State labor officials investigate Aerojet explosion

State labor safety officials are investigating an explosion Tuesday that rocked the Aerojet Rocketdyne campus in Rancho Cordova and injured two workers.

Authorities released few details about the incident, which occurred just before 8 a.m. Investigators have not said what caused the explosion or what the workers were doing.

The Sacramento County Sheriff’s Department concluded that the incident was not criminal and has turned the probe over to the California Division of Occupational Safety and Health.

“It appears to be an industrial accident,” said Sgt. Lisa Bowman, Sheriff’s Department spokeswoman.

Multiple units from the Sacramento Metropolitan Fire District were called to the scene by Aerojet officials. No fire was found upon their arrival.

One employee was taken to a hospital and another was treated on site, Aerojet confirmed in a written statement. Peter Melton, a Cal-OSHA spokesman, said one worker suffered serious injuries. Their names have not been released.

Helicopter video footage on Channel 3 (KCRA) showed a tattered white warehouse with its door and roof blown off. Pieces of debris were scattered in the vicinity, while a metal barrel and other machinery sat inside the facility.

The video also showed a small contingent of emergency personnel scouring the site, located in an isolated area and described by authorities only as “Building 05030.” Ten deputies from the Sheriff’s Department responded, including three bomb squad detectives, Bowman said. FBI agents were also present, she said.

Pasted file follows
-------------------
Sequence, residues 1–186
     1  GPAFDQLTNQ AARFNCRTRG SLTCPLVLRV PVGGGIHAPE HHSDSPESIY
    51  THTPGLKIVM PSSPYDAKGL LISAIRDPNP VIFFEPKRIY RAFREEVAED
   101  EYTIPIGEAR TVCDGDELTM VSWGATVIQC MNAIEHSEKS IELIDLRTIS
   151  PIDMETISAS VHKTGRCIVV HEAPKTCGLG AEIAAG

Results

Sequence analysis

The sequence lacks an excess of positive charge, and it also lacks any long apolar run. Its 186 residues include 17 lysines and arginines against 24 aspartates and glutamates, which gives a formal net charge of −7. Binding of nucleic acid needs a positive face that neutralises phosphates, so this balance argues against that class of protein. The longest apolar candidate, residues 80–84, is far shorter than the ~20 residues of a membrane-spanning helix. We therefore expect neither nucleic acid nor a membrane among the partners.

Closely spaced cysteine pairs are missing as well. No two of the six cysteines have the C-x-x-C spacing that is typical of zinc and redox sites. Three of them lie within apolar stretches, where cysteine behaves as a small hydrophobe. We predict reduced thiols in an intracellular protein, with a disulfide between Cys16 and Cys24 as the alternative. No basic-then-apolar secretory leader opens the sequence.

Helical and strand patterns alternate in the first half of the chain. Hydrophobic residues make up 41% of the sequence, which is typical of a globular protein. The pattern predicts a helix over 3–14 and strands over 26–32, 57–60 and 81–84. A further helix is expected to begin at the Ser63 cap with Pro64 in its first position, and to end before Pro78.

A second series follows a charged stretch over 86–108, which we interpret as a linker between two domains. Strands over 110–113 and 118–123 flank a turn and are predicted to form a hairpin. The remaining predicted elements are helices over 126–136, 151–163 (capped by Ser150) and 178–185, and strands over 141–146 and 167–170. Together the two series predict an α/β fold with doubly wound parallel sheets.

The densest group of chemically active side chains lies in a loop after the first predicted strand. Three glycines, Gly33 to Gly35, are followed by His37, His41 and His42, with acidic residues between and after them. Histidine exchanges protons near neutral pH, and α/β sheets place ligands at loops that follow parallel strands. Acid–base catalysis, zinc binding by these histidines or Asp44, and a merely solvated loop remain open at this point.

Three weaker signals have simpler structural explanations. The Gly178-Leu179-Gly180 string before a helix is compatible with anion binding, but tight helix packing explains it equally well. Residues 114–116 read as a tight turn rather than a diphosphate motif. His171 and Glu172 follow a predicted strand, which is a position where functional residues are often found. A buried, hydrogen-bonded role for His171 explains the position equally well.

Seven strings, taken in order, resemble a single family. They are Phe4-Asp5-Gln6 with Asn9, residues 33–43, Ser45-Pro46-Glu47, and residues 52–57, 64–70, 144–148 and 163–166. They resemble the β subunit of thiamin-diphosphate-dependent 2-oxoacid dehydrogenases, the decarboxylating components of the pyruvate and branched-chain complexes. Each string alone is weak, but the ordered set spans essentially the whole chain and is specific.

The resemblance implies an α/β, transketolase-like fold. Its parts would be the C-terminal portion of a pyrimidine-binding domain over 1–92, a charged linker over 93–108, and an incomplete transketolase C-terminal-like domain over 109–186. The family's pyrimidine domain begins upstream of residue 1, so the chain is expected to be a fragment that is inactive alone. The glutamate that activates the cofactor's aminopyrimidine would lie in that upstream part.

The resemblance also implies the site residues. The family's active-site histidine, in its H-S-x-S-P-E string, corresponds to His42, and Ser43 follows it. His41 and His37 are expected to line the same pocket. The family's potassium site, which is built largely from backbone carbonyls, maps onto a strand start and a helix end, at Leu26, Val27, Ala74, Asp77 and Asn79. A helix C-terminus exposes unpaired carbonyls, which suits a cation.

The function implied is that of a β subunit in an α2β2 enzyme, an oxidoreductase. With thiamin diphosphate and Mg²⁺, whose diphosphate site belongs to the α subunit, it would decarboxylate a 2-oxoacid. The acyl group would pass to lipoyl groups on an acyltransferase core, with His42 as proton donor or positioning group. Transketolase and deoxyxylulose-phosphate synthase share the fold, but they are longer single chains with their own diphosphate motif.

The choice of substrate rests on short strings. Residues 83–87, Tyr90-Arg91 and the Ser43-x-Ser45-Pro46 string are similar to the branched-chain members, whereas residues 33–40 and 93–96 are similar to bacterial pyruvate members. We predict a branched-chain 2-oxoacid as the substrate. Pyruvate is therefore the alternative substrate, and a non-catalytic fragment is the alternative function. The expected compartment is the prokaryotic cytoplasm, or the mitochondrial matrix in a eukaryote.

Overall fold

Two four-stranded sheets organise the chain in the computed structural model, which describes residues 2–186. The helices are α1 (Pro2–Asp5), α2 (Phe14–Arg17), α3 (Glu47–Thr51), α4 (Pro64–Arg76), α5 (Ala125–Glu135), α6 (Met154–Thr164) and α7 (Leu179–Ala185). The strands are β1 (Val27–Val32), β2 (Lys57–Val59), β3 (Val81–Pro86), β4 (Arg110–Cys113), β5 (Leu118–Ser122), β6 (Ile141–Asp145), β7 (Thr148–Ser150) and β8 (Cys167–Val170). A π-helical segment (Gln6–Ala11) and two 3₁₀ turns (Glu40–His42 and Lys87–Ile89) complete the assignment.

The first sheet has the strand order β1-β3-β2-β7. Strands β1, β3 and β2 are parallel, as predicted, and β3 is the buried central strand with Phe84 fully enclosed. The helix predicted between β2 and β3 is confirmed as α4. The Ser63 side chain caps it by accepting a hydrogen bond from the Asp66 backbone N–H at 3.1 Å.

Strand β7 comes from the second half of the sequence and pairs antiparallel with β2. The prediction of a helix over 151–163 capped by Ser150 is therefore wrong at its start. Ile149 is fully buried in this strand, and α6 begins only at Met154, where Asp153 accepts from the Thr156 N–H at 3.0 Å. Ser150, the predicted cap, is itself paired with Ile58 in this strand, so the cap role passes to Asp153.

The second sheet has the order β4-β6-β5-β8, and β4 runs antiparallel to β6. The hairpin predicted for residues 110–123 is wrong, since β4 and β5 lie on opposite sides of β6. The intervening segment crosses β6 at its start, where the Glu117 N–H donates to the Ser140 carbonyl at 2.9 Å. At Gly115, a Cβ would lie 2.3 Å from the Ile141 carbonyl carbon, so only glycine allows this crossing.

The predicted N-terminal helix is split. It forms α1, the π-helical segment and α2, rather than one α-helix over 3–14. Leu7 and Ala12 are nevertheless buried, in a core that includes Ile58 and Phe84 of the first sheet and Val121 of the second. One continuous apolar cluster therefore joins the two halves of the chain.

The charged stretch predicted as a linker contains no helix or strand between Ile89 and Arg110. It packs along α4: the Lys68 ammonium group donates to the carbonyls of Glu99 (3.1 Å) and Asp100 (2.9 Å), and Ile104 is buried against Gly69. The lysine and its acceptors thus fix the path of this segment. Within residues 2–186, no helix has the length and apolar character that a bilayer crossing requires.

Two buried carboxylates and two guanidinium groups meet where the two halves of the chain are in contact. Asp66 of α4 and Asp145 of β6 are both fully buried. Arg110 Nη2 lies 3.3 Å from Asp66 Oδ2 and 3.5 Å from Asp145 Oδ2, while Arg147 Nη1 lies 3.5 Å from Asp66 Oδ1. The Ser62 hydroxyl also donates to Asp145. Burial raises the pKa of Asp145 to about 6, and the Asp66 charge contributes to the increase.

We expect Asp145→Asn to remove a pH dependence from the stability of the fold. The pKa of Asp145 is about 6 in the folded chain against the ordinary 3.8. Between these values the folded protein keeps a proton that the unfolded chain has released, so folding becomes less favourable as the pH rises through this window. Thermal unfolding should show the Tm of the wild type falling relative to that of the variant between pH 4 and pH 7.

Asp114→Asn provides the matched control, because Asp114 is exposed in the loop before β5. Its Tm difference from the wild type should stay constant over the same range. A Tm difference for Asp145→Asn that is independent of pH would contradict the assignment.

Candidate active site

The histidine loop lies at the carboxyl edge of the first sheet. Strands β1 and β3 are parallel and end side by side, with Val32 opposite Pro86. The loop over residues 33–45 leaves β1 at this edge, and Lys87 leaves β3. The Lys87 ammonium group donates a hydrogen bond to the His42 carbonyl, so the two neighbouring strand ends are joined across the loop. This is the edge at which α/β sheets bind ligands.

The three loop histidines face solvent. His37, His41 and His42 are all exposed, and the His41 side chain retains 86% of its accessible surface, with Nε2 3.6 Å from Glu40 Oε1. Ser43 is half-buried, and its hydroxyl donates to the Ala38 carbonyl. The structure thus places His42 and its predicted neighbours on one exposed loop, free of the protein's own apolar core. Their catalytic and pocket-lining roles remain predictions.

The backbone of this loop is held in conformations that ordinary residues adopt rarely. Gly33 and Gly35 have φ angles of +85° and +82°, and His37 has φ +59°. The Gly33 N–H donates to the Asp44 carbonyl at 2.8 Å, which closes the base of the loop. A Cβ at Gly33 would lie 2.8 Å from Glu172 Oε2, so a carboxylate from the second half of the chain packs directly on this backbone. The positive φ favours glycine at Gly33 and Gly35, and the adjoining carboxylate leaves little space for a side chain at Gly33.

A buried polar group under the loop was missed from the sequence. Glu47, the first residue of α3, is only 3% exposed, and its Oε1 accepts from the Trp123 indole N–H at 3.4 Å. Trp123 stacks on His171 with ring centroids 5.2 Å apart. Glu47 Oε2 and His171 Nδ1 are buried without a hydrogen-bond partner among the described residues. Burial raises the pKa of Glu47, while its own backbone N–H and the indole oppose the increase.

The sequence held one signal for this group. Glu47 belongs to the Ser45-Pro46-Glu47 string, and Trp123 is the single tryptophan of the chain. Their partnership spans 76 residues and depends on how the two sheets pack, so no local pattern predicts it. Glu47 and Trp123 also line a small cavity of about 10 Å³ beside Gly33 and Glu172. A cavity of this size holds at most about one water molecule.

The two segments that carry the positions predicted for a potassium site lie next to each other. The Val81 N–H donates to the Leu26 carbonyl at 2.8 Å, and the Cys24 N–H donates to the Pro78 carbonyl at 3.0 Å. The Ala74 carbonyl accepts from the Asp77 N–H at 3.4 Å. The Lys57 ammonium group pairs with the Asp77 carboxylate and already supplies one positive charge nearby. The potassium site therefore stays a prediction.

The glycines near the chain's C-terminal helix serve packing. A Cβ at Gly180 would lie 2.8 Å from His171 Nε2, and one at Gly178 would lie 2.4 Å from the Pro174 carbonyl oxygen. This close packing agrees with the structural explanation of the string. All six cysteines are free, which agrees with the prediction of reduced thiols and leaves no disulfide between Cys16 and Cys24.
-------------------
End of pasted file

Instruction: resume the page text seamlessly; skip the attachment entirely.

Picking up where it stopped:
Two Cal-OSHA safety inspectors arrived on scene Tuesday afternoon and were “assessing the situation,” Melton said.

At Aerojet Gate 3 across from the Folsom Lake Honda dealership, it was business as usual. Workers came and went, zipping through the gate near a battery of TV cameras. Aerojet employees declined to comment.

Officials were slow to release information Tuesday, with the first confirmation of an explosion coming four hours after the fact.

“The information sharing is a little difficult,” Bowman told reporters at a noon press conference. “Private companies have to go through their chain of command to release specific information.”

Rancho Cordova city officials were similarly left in the dark.

“We were trying to get information ourselves,” city spokesman Troy Holt said. “If it was out on the streets in Rancho Cordova, I would know a whole lot more.”

Aerojet assured city officials there was no risk to Rancho Cordova’s 67,000 residents, Holt added.

The last accident at the Aerojet campus occurred in 2005, when an employee committed suicide, according to Cal-OSHA. Four complaints against the company have been filed since 2006. A routine inspection in December 2010 found five violations, including one related to sulfuric acid. Aerojet was subsequently fined $1,695.

During its heyday in the 1960s, Aerojet built rocket engines for the space program and weapons that were part of the United States’ Cold War arsenal. The roar of engines being tested could be heard for miles around.

In the last four decades, the company has tried to reinvent itself. Aerojet and its parent company, GenCorp, tried to diversify, putting money into electronics, chemicals and auto parts. Earlier this year, GenCorp Inc.’s $550 million takeover of Pratt & Whitney Rocketdyne was cleared by the Federal Trade Commission.